But many social-media companies do not want to invite outsiders into their moderation processes, leaving researchers with a Rumsfeldian conundrum – they often do not know what has being taken down, so how can they know what to request or subpoena?
These are unknown unknowns.
But not all social-media platforms have the same policies when it comes to graphic content.
Telegram has been hugely important in sharing videos from the ground in Ukraine.
It also happens to have an extremely light-touch policy on moderation.
Videos that would be taken down on Twitter or Facebook stay up on Telegram.
And that is not the only reason the platform is helping investigators.
“I would say some of the most valuable photo and video content that we as an organisation have received is from Telegram,” Ms Wille says.
And there is another key benefit.
Social-media companies such as Facebook and Twitter automatically strip content of a picture or video’s metadata – a kind of digital ID, revealing where and when the content was captured and crucial for investigators.
“One benefit we’ve found is that the metadata is not stripped on Telegram,” Ms Wille says.
Protecting the metadata, from the moment an action was captured to the moment it is shown in court, is sometimes referred to as “chain of custody”.
Wendy Betts, the director of Eye Witness, a project of the International Bar Association focused on the collection of verifiable human-rights atrocities, encourages people to film possible war crimes on its app, Eye Witness to Atrocities, to preserve the information in the best possible way for use in court.
“As footage passes from photographer to an investigator to a lawyer… if any link in that chain is missing, that footage is going to be looked at as more suspect, because changes could have been made during that gap,” she says.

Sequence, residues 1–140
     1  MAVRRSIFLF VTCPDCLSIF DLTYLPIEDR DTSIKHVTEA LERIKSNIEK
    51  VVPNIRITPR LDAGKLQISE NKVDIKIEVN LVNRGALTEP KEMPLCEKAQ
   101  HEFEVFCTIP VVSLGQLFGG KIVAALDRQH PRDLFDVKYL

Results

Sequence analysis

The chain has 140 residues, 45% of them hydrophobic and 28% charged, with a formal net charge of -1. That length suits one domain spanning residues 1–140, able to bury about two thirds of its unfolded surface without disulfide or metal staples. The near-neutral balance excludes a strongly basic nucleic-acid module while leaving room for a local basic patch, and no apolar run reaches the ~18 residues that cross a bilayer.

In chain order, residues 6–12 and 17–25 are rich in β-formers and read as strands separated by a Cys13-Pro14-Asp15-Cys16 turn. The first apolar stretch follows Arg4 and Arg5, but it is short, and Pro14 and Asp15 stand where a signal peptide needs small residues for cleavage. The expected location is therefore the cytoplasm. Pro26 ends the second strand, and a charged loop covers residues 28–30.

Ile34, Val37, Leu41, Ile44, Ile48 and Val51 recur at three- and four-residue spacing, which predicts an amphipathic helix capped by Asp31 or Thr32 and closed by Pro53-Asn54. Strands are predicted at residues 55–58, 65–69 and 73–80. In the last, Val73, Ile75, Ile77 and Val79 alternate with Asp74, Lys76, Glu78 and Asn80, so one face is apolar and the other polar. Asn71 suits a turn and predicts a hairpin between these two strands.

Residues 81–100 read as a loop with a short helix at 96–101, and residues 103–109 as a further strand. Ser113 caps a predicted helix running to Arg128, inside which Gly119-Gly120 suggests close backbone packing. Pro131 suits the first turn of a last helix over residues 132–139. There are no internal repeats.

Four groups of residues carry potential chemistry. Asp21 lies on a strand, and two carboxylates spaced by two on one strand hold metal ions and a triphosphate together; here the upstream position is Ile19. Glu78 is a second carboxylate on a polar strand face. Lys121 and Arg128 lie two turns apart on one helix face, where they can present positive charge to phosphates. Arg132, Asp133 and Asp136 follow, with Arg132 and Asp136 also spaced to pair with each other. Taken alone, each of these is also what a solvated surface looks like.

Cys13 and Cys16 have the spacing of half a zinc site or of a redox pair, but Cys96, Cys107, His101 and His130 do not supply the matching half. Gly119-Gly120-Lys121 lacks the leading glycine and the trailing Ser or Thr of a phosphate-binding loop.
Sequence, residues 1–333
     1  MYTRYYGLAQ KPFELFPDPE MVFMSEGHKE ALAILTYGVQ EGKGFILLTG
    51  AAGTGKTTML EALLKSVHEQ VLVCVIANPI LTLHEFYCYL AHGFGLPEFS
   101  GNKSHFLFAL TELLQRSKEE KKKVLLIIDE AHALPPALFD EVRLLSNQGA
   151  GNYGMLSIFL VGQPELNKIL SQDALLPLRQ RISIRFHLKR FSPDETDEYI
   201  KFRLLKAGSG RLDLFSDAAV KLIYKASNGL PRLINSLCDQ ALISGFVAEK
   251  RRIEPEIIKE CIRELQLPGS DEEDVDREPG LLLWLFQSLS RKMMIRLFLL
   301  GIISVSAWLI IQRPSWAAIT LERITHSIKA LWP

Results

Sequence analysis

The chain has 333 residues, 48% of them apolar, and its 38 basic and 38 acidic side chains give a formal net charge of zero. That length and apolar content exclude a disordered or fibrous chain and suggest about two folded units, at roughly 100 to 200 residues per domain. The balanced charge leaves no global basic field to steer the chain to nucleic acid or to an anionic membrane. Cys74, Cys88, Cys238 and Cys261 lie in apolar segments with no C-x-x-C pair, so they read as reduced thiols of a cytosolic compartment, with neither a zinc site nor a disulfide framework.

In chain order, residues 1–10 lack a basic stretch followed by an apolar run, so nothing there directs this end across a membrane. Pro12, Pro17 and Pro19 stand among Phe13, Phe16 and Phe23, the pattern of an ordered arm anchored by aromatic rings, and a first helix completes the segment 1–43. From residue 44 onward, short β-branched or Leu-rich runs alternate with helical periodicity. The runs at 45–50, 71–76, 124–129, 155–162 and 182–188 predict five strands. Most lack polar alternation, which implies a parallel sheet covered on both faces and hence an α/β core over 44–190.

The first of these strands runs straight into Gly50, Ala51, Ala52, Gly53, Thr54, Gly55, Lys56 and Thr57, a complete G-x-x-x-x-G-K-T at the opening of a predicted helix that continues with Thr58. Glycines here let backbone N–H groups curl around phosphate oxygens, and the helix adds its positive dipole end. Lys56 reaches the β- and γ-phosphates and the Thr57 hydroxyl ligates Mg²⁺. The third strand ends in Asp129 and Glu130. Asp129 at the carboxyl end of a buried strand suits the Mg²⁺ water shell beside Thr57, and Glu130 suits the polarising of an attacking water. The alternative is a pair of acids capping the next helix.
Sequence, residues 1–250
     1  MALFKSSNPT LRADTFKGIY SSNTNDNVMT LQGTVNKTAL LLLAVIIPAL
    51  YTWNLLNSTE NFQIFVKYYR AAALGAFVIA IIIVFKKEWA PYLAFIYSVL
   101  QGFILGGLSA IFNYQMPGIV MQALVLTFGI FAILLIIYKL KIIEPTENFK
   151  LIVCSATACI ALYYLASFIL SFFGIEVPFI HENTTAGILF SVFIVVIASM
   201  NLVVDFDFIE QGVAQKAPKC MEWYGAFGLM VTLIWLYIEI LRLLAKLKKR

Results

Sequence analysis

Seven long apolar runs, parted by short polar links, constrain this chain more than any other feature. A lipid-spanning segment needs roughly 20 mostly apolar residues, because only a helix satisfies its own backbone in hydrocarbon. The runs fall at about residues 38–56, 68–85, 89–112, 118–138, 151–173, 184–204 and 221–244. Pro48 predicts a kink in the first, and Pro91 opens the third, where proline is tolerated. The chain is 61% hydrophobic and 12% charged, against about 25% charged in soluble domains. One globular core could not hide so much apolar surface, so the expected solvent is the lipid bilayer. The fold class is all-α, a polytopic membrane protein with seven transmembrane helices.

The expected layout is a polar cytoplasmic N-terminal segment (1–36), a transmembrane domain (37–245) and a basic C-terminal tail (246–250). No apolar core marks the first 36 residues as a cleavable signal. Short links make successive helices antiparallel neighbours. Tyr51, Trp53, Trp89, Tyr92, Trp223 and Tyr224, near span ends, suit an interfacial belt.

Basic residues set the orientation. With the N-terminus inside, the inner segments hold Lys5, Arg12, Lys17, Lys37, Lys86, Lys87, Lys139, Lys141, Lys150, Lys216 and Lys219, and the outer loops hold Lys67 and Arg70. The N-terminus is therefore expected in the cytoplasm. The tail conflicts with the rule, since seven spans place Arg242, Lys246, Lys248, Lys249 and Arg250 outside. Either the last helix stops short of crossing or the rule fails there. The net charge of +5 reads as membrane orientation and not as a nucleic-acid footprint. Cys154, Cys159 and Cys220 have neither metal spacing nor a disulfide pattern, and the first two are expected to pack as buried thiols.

But all these solutions feel piecemeal and unsatisfactory.
With no one digital locker all social-media companies use, with no one place where all this is being stored, crucial evidence could be falling down the cracks.
In some cases, it is not clear social-media companies are storing or documenting these videos at all.
BBC News asked TikTok, Google, Meta and Twitter about their policies in this area.
TikTok forwarded its policies on protecting its users during the Ukraine war but failed to address any of the questions asked.
“We don’t have more to share beyond this information right now,” a representative said.
And neither Twitter nor Google responded.
Only Meta gave a tailored response.
“We will only remove this type of content when it glorifies the violence or celebrates the suffering of others or when the content is extremely graphic or violent – for example, video footage of dismemberment,” a representative said.
“In relation specifically to the war in Ukraine, we are exploring ways to preserve this type and other types of content when we remove it.”
The very different responses from these four huge technology companies tells its own story.
There is no system, no policy, they all share.
And until there is, crucial evidence could be being lost and forgotten.